Soundproofing for Music Rooms
The issue of noise transfer bleeding through common wall or common floor/ceiling surfaces comes first. The goal with the soundproofing efforts here is to line the perimeter surfaces with a combination of density and disconnection to force the collapse of the transmitting sound waves.
When done correctly, up to 90% of the bleeding noise can be mitigated. Mass loaded vinyl layered behind drywall with a channel system generating separation will force the collapse of the sound wave. If your starting point is a finished room, simply staple the mass loaded vinyl to the wall or ceiling, then run a resilient channel system over it, and a new layer of drywall to complete the layering treatment. Protect both the interior of the room from outside noise, as well as keeping neighbors protected from the music inside the room.
Sound Panels: Capturing and Converting Echoes
What does not work for sound protection are sound panels. Sound panels in a music studio or recording studio are there for the second purpose in your quest to build the ideal acoustic music studio environment. Sound panels capture and convert echoes out of the room, but do not block noise from escaping the room. Do not buy sound panels for your perimeter wall or ceiling surfaces thinking you are protecting others from your noise.
Instead, put the sound panels up to curb your echoes, lower the background noise, generate greater clarity to original sound, and then enjoy what your room’s intended purpose was built for: maximum sound quality.
Whether recording, rehearsing, performing, or broadcasting, the right combination of sound panels in your room will deliver the acoustic values you are seeking so long as the right amount of material is introduced into your music room.
Remember, sound panels for a music room are there to improve sound quality within the room. Be sure to opt for the thicker panel option when dealing with your sound panel supplier. Thicker sound panels generate greater performance values in the low bass frequency end of the spectrum, where drums and bass guitars roam.
Installing & Mounting Acoustic Panels on Different Surfaces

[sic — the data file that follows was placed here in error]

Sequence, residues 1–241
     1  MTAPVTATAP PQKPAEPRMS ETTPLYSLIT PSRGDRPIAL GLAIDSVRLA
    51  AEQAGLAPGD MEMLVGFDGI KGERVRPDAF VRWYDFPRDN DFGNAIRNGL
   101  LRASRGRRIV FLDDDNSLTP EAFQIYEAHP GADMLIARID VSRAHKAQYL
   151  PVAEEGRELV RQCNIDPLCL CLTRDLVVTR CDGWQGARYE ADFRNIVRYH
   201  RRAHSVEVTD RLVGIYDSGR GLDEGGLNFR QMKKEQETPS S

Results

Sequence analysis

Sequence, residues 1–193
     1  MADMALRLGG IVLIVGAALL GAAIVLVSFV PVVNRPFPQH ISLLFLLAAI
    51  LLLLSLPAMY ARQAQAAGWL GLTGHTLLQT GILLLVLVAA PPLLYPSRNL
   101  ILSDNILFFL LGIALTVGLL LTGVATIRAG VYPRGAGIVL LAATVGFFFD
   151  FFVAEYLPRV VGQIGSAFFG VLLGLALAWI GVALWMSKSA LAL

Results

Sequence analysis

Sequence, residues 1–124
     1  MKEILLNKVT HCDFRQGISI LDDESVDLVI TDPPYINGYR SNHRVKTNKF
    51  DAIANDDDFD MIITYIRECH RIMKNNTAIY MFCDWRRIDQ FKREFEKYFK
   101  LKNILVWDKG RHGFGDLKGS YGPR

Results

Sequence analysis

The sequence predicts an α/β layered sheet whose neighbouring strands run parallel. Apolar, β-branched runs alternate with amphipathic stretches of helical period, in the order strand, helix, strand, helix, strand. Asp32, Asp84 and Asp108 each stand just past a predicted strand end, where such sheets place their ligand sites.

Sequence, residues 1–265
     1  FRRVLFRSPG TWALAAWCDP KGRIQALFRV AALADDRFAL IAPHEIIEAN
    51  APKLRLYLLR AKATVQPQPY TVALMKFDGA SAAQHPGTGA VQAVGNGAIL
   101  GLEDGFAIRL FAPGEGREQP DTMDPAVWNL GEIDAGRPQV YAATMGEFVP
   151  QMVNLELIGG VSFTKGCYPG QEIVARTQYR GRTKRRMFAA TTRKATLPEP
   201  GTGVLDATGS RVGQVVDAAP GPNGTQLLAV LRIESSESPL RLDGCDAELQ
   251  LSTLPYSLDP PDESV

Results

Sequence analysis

Sound panel treatments generate a more functional and user-friendly space by lowering background noise and generating greater clarity to original sound. A family of wall or ceiling mounted acoustic panels-placed in nice, even site lines evenly spread throughout a room- will effectively capture unwelcome echoes in a space and deliver premium sound quality.
The vast majority of commercial soundproofing applications will use a set of cloth-wrapped compressed fiberglass boards that will ship to the job site with a corresponding set of mounting clips. These installation clips come in a variety of options dependent on the surface the panels are to be applied to.
Acoustic Panels on Concrete & Brick Surfaces
For concrete and brick walls, metal clip systems are shipped with your order and anchored to the backsides of the sound panels, with a mating wall bar to be anchored mechanically to the surface. The treatment requires precision on pilot holes, but it is the only option for brick and block wall surfaces.
Acoustic Panels on Drywall Surfaces
For drywall surfaces, the treatment gets easier. Anchoring sound panels to drywall surfaces typically involves a clip system that ships with your sound panel order. Depending on the type of clips you choose, they may be easily screwed into the backside of each panel, which in turn is pressed to the drywall surface to “mark” where the mating portion of the clip is to anchor to the drywall. At that point, the panel simply surface mounts flush to the drywall surface.
Hanging Panels from a Ceiling
Some people opt to “float” their sound panels like a cloud. These cloud mount options are popular for ceilings that have pipes and obstructions on the ceiling, preventing a flush mount direct to the surface. Cloud mount options allow the sound panels to decoratively “float” out over the room in nice, even site lines. The panels can be suspended as high or low as you like, with attention being paid to lighting, sprinkler heads, ventilation, and other obstructions. Clips will be epoxied to the backside of your sound panels prior to shipment. Simply thread your own wire through the clips and free hang them from your ceiling or the tops of the bar joists.
Easy Adhesive Mounting
For those opting for the easiest installation method, and who have no need for portability of their panels, construction adhesive can be used in conjunction with a set of impaling clips, which have teeth. Simply screw them into the wall with the teeth facing outwards, apply adhesive to the backside of the panel, and press the panel into place. The teeth of the clips will penetrate the backside of the panel while the adhesive dries.
Mounting Acoustic Foam
For those clients who opt for acoustic foam, the installation involves nothing more than silicone adhesive being applied to the back of the panel and then placing the panel against the surface.
Consult with a Sound Expert
Regardless of your installation technique, the key to remember for triggering the intended sound values is to ensure that you are not under treating your space. Care must be given to analyzing the room based on its dimensions. Work with a sound consultant to ensure the correct product and mounting method is selected and also that the right amount of product is shipped to your project site. Once those details are all aligned correctly, you have the freedom to spread the sound panel treatment out within your room as you wish.